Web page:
Following this analysis, it is possible that the entire entourage went until Goren Ha-atad, which is in Trans-Jordan, and thereby Yosef fulfilled his obligation. He then gave over responsibility to the brothers to perform the actual task of bearing Yaakov to Me'arat Ha-machpela. Inasmuch as Yosef had finished his part of the agreement and therefore turned back to return to Egypt, he (and only he) was required to fulfill aveilut. This is in accordance with the principle that once the mourners transfer the body to the pallbearers, aveilut begins (Moed Katan 22a).
Thus, we could derive from this event that aveilut of seven days is biblically mandated. In fact, Rav Kasher (Torah Sheleimah, Jerusalem, 1992, vol. 8, p. 1902) cites a manuscript of Moshav Zekeinim that claims that the kings of Canaan did not allow Yosef to enter Canaan, so he had to return to Egypt and therefore had to sit "shiva."
Additional proof could be added from the details of the story. "They came to Goren Ha-atad, which is in Trans-Jordan, and they eulogized him greatly and he observed a seven day mourning period" (Bereishit 50:10). Although they (all the entourage) came there and eulogized, only HE observed shiva. Immediately afterwards, it says that the brothers did as they were commanded. Originally, it said that Yosef went to bury his father, along with everyone else, and now the Torah mentions the brothers. It seems that Yosef had the responsibility of taking Yaakov out of Egypt and coming to Goren Ha-atad. At this point, the brothers assumed their responsibility and Yosef sat shiva.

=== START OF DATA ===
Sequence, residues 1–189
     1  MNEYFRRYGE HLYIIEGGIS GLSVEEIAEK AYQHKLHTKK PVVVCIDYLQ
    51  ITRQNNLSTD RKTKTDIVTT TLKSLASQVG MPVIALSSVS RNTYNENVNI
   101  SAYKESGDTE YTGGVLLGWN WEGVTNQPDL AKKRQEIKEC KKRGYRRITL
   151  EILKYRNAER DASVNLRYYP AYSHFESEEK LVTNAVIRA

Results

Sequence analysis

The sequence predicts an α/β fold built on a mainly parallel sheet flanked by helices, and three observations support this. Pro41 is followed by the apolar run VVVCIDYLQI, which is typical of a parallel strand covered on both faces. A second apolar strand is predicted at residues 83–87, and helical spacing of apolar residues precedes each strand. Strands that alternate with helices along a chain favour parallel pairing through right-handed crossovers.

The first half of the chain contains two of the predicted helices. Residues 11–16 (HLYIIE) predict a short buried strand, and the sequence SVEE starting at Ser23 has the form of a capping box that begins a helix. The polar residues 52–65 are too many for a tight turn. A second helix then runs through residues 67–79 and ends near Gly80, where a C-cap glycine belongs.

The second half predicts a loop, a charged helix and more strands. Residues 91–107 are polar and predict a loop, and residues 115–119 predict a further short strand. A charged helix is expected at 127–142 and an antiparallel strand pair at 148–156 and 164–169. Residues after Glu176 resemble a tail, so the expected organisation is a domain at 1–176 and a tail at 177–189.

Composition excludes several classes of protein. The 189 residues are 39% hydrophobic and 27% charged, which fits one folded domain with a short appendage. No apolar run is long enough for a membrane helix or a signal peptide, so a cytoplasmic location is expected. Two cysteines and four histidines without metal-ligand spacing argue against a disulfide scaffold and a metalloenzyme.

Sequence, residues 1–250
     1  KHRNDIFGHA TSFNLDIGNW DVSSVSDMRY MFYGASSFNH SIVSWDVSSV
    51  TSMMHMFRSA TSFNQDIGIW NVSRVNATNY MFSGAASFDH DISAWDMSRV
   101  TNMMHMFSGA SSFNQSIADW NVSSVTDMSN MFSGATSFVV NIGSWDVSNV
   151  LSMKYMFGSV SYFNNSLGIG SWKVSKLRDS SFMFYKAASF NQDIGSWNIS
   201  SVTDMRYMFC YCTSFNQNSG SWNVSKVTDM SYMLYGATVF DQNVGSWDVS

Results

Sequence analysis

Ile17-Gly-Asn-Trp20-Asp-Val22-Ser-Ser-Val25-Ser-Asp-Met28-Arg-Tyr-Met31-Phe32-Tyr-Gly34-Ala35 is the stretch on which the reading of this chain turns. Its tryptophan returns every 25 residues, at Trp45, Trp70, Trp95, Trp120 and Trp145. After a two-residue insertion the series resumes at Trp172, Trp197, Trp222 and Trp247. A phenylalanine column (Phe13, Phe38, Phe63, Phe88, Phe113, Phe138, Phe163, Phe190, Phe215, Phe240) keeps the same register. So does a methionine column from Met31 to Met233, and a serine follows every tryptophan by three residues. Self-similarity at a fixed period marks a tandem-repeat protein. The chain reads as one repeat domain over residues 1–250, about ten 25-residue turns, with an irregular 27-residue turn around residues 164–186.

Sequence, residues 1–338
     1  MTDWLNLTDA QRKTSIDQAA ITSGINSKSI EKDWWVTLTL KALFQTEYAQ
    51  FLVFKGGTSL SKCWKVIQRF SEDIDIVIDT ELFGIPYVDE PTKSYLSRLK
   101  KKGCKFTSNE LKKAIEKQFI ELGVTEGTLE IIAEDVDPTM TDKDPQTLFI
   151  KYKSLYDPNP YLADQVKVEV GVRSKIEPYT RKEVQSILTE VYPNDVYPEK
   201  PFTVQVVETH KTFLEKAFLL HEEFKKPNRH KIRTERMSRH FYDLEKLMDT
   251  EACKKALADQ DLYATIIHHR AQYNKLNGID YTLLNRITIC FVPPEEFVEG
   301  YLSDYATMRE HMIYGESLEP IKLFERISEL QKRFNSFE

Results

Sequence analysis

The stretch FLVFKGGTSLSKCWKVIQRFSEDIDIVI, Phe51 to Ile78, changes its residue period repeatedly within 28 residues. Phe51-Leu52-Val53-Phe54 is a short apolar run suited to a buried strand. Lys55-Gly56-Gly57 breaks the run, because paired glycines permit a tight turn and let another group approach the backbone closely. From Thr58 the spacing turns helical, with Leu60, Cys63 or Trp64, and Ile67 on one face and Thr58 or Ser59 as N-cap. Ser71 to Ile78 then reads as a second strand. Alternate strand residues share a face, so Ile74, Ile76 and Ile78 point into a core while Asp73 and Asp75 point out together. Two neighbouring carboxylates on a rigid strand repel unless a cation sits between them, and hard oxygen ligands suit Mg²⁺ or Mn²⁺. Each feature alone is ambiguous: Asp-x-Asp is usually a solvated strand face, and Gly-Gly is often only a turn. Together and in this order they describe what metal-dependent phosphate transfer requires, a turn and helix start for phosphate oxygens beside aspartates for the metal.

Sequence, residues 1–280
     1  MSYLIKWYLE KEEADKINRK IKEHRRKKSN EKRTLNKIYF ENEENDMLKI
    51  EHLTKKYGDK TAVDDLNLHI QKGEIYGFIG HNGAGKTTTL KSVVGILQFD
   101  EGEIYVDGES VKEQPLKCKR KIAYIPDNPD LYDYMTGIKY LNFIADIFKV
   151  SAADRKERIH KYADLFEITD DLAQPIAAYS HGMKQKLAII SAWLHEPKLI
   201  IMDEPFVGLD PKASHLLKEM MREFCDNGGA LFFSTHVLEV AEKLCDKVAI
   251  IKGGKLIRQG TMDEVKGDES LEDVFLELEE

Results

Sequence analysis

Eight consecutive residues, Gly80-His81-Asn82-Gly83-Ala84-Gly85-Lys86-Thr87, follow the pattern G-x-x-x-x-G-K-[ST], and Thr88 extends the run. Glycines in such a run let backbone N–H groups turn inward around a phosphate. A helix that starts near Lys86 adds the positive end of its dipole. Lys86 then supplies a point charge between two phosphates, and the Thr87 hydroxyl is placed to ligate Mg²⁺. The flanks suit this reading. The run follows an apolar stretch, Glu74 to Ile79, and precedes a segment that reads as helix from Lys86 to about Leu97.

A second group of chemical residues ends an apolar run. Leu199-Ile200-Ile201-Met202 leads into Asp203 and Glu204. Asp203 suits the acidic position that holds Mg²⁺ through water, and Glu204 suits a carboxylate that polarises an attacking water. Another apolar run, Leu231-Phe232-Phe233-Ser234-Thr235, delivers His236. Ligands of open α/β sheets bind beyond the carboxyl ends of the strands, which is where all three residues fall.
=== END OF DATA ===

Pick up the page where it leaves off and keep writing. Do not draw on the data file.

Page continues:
Somewhat of a similar approach was taken by R. Meir Simcha in his Meshekh Chokhma. He said that aveilut was observed by the Egyptian part of the entourage, who were not allowed to enter Canaan. Although the idea is similar, it would seem a bit strange that the Yerushalmi derived aveilut from the Egyptians. It therefore seems to be more logical to assume that it was Yosef who mourned; furthermore, the singular "and he observed" implies that one person mourned.
The midrash Lekach Tov observes that the seven days of mourning parallel the seven days of creation. Man was created alone in order to teach us that one person is comparable to the entire universe (Sanhedrin 33a). Therefore, when someone dies, we should mourn seven days.